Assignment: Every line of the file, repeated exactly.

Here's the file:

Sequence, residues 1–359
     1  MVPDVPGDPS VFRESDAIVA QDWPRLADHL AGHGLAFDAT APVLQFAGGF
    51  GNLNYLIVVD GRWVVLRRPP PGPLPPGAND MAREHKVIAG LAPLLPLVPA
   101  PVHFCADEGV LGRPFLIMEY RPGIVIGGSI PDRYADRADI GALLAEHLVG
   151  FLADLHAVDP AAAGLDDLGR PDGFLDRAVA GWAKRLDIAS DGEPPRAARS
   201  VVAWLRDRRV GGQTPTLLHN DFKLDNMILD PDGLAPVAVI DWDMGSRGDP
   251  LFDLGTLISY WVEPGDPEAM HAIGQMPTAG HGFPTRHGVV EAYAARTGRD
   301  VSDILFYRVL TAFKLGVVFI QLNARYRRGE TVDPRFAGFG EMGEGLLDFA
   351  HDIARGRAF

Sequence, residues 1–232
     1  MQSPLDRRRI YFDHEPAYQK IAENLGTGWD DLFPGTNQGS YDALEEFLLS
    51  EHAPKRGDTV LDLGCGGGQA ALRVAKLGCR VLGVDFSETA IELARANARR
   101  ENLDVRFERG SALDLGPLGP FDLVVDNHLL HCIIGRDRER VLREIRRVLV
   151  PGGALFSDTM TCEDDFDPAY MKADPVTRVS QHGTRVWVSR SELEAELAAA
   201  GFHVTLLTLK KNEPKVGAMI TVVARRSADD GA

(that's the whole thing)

Sequence, residues 1–359
     1  MVPDVPGDPS VFRESDAIVA QDWPRLADHL AGHGLAFDAT APVLQFAGGF
    51  GNLNYLIVVD GRWVVLRRPP PGPLPPGAND MAREHKVIAG LAPLLPLVPA
   101  PVHFCADEGV LGRPFLIMEY RPGIVIGGSI PDRYADRADI GALLAEHLVG
   151  FLADLHAVDP AAAGLDDLGR PDGFLDRAVA GWAKRLDIAS DGEPPRAARS
   201  VVAWLRDRRV GGQTPTLLHN DFKLDNMILD PDGLAPVAVI DWDMGSRGDP
   251  LFDLGTLISY WVEPGDPEAM HAIGQMPTAG HGFPTRHGVV EAYAARTGRD
   301  VSDILFYRVL TAFKLGVVFI QLNARYRRGE TVDPRFAGFG EMGEGLLDFA
   351  HDIARGRAF

Sequence, residues 1–232
     1  MQSPLDRRRI YFDHEPAYQK IAENLGTGWD DLFPGTNQGS YDALEEFLLS
    51  EHAPKRGDTV LDLGCGGGQA ALRVAKLGCR VLGVDFSETA IELARANARR
   101  ENLDVRFERG SALDLGPLGP FDLVVDNHLL HCIIGRDRER VLREIRRVLV
   151  PGGALFSDTM TCEDDFDPAY MKADPVTRVS QHGTRVWVSR SELEAELAAA
   201  GFHVTLLTLK KNEPKVGAMI TVVARRSADD GA